On Building Great Products

Posted on Tuesday July 9, 2013

In August of 2009, my wife and I welcomed our first child, Ella Reese, into this world. Anyone who has had the privilege of becoming a parent will tell you, life changed for us. Sure there were a new set of responsibilities but with it also came a new set of adventures.

As Ella grew, her thirst for knowledge also grew. Soon we found ourselves looking for iOS apps that would satisfy or peak her interest to supplement the education we were fostering in our home. I can remember one stage where Ella loved pictures. There was something about seeing herself in pictures that just lit up her life.

But there was this problem…

Ella, in all of her enthusiasm, would eventually push the wrong button and land herself outside of the pictures and into another part of iOS.

I tell you this story because this experience led me to create BabyMe Slideshow. You see, I knew my daughter loved looking at photos and I knew she hated it when she would exit the photos because she lacked the control to know what everything did. The good news is I knew I could solve this problem.

I could create an App where she could look at photos and it would be pretty difficult to escape the App. But like most parents, time and priorities grew and this idea left. But then, my wife and I went and had a second child. This time around, I would bound to make this App because I needed it and because I needed it surely there were others out there who did as well.

The Best Products Solve Your Own Problems

I believe that people who use the products they create tend to make better products. Why is this?

  • They are solving a real world problem (they have it) and not some problem they think someone has.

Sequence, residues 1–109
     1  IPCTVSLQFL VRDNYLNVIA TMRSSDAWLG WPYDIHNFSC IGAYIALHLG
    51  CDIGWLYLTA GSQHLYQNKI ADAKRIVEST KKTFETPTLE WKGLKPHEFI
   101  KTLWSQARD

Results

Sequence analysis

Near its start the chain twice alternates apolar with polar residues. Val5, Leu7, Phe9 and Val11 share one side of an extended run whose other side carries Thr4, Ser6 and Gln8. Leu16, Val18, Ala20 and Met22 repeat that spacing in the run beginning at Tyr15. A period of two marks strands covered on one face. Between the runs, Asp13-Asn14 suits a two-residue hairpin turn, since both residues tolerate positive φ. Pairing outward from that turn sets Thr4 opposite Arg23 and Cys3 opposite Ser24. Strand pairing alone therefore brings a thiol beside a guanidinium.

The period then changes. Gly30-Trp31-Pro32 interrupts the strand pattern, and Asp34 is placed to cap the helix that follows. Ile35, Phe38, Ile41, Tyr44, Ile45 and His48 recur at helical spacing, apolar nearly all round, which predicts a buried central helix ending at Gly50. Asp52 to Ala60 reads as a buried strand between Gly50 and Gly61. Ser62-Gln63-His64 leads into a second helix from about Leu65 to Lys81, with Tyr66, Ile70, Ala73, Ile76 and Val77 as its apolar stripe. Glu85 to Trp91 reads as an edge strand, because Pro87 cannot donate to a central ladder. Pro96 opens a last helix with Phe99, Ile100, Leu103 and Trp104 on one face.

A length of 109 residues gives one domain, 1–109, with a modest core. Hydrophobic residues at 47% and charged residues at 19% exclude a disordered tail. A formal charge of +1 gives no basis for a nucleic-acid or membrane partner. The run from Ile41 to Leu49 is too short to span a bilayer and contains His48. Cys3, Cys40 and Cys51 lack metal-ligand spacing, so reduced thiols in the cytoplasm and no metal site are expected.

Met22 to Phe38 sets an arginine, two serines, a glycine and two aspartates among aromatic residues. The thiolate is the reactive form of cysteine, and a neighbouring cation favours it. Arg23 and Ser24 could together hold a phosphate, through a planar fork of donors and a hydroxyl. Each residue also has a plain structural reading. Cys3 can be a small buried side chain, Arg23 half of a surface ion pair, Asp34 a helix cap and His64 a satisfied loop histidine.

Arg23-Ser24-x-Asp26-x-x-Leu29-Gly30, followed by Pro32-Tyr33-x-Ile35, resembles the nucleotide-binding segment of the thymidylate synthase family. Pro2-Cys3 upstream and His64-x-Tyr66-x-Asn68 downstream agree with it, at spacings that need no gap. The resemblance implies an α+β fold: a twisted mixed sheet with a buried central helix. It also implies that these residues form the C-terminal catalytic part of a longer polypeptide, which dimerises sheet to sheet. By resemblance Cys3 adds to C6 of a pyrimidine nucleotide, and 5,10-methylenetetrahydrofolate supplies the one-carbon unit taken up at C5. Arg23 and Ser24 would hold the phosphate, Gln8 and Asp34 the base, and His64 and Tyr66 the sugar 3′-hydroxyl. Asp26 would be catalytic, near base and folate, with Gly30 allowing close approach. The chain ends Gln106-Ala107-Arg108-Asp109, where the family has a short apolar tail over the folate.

• They experience the good parts and the bad parts of the thing they build.

  • They remove doubt about the user experience because they are the use case.

You Are Your First Customer

When you build something you will use, you have a customer from day one.

When I built Gitty, I was, in part, building it for myself. While I would eventually share it with the world, I was foolish enough to think that there were people out there who may just want the same experience I wanted. If they did, great, if not then I was going to be happy.

Software curation is an undervalued skill in today’s market. Some people may refer to this as taste, foresight. Call it what you may, when you are building something you will use, making yourself happy tends to go a long way in making a good product.

Some Examples

In my world (software), I can think of some great examples of people who are using what they create and are making great products.

  • 37signals - Basecamp was birthed out of a need to create a better way to communicate with clients. A tool that became a form of communication and project management soon transformed their business into a full-time software venture.

  • GitHub - Knowing that the people who build GitHub also use it everyday to build GitHub is pretty cool. They are not guessing at their users needs because they themselves are the user. Much like 37signals, GitHub was birthed out of a need to create a better way to use git and build software.

  • Square - Birthed out of the ability for a friend to sell his artwork to someone with a credit card, Square is revolutionizing how the world process payments. From day one, the founders were users of what they were building and the rest is history.

What About You

Not everyone has the luxury of working on something full-time that they use. Perhaps that is in your future or you can start something on the side but that does not mean we can learn from these examples.

If you are not able to work on what you build, ask yourself these questions:

  • How can I get closer to the product?

  • How quickly can I begin observing how people use what I build?

  • What problems are we solving?

  • What problems are we creating?

These types of questions will lead you down the path of a first hand experienced user and lead to better products. No matter if you are building software, apps, houses, etc., I think we can all learn from those who use what they build and why their products are great.

Do you work on something that you also use? Let me know in the comments…